"components/bootstrap": "~2.3.1",
    "components/jquery": "~1.9.1",
    "components/highlightjs": "~7.3.0"
},

This isn't the best way to add a composer requirement, we should use composer require league/commonmark from the terminal, which will sort the version requirement for you, but sculpin doesn't expose the require method from composer, so we need to manually edit the file.

The next thing we need to do is tell Sculpin where to find our custom classes. Again, this is exactly the same as doing it for composer. Sculpin already has two directories, one for config (app/config), and one for the website source (source). We should keep our code in app, as it's not currently being used for anything, and we don't want our PHP code to be part of the generated source, so add the following to sculpin.json, the same as you would for composer:

"autoload": {
    "psr-4": {
        "App\\": "app"
    }
}

We can now run sculpin update, and Sculpin will download all of the requirements and also update the autoloader to look for the App namespace in the ./app directory. To double check, you can take a look at the autoloader in .sculpin/composer/autoload_psr4.php.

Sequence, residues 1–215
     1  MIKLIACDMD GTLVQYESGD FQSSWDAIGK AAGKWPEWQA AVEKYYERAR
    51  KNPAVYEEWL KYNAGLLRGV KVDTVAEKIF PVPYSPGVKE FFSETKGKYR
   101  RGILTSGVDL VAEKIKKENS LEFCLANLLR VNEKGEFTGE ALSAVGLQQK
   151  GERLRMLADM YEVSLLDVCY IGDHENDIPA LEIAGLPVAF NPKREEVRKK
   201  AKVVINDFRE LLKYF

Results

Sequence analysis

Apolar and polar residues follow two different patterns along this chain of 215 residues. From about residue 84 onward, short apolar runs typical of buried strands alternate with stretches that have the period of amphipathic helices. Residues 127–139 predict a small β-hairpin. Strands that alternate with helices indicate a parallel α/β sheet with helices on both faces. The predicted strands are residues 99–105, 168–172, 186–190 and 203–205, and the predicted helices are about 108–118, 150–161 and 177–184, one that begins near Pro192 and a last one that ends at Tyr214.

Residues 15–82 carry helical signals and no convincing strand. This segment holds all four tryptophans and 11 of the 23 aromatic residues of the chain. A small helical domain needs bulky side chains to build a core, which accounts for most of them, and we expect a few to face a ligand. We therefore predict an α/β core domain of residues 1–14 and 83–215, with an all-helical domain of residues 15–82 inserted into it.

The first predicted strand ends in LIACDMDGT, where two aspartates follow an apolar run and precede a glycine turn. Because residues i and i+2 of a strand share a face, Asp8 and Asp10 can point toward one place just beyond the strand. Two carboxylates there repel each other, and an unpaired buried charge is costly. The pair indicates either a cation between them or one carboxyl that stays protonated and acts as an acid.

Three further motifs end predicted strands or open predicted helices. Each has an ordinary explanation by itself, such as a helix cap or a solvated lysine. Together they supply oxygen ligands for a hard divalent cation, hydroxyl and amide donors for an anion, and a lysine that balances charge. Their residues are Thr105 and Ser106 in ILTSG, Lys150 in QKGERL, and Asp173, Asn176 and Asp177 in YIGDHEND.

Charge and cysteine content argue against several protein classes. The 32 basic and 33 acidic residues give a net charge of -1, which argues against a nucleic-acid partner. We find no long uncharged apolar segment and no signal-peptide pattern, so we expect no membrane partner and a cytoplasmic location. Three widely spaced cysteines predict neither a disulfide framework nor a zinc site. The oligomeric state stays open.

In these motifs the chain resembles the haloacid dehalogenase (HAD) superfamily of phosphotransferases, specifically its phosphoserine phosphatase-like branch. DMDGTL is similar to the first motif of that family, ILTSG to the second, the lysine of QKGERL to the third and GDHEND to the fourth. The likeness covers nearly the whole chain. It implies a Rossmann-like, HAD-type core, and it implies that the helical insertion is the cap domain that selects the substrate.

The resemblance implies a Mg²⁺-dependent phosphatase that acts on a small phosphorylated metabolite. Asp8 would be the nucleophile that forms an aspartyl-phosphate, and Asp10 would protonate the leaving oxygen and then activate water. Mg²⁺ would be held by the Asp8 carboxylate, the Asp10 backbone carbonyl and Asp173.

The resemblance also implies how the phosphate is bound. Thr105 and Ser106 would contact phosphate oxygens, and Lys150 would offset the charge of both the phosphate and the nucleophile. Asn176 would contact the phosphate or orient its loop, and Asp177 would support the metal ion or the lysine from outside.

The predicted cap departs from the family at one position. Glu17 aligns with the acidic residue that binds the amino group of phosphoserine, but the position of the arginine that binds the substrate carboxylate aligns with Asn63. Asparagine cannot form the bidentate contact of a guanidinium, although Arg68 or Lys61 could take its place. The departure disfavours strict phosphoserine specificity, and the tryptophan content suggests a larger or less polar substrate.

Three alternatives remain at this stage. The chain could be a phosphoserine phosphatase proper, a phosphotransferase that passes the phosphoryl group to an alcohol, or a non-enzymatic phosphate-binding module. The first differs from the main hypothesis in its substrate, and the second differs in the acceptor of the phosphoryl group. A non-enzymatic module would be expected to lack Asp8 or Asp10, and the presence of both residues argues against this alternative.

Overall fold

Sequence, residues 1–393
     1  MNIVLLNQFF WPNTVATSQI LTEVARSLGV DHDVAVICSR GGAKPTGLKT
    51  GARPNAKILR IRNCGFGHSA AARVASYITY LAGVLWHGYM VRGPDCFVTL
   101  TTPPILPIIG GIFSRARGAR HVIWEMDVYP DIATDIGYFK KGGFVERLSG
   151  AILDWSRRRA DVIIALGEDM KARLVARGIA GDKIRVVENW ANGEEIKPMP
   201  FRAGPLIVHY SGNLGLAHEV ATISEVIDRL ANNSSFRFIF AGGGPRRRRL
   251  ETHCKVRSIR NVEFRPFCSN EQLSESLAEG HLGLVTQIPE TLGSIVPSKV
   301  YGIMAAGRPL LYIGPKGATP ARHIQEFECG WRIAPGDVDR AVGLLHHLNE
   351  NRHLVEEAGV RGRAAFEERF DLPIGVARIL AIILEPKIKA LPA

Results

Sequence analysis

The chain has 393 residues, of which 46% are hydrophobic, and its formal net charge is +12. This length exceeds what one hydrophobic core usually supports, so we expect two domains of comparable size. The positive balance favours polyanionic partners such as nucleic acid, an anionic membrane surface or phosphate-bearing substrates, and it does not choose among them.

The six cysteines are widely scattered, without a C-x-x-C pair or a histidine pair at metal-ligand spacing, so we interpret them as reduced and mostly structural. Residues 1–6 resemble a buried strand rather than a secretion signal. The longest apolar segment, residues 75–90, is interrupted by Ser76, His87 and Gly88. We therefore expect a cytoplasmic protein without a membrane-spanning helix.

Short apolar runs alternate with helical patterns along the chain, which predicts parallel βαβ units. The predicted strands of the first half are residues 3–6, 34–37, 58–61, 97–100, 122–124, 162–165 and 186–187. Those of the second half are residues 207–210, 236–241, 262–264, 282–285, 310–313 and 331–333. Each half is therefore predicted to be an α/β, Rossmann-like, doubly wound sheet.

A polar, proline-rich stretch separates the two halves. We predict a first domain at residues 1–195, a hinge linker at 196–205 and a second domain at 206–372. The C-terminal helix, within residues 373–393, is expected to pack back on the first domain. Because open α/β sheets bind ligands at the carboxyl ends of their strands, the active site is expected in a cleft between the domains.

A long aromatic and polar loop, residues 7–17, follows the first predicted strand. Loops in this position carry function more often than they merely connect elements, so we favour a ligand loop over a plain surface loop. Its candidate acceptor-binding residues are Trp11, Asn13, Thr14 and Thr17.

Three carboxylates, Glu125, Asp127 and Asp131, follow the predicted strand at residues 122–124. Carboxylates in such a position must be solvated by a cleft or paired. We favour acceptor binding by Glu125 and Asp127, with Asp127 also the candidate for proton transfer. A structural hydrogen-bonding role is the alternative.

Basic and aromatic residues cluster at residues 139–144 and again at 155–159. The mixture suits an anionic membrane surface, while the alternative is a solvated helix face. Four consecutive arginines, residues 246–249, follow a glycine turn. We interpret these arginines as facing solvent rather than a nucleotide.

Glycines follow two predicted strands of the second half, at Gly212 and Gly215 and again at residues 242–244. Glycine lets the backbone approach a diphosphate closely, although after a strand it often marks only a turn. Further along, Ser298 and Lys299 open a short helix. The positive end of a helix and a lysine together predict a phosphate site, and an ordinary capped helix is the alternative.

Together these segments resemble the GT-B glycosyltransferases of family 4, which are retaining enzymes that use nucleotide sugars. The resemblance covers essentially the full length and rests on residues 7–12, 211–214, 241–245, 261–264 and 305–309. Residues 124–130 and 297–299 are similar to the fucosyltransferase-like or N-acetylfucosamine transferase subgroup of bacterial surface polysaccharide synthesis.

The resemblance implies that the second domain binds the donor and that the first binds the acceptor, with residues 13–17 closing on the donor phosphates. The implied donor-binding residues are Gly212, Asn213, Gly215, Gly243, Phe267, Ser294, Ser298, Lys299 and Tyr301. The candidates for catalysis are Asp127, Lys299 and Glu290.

Now we have the basic requirements setup, we need to create an Adapter for the League CommonMark package to make it work with the Sculpin ParserInterface.

This is far easier than it sounds. Create a new file in app/CommonMark.php and add the following:

<?php

namespace App;

use Sculpin\Core\Converter\ParserInterface;
use League\CommonMark\CommonMarkConverter;

class CommonMark extends CommonMarkConverter implements ParserInterface
{
    public function transform($text)
    {
        return $this->convertToHtml($text);
    }
}

All we're doing here is creating a new class that extends the League\CommonMarkConverter class AND implements the Sculpin\ParserIterface. It's perfectly acceptable to mix different classes and interfaces from different packages like this.

The ParserInterface class only has one required method, transform, which takes a $text parameter which is the raw markdown, and should return the formatted HTML. This happens to be the same method signature as the CommonMark convertToHtml method, so we can just pass off the heavy lifting straight to that method, without having to do anything else.

Finally, we need to tell Sculpin to use our new Parser class. Update app/config/sculpin_kernel.yml and add the following:

sculpin_markdown:
    parser_class: App\CommonMark

This is a config key used by Sculpin's Dependency Injector, and it tells Sculpin what class to load to do the conversion, it is just the fully-qualified (namespace + classname) classname . As long as it implements the ParserInterface, we could actually put any class name in here and it should work.

Now drop back to the terminal and run sculpin generate --watch --server and then visit http://localhost:8000. You should see the default sculpin-blog-skeleton page loaded, and the markdown will have been generated with CommonMark!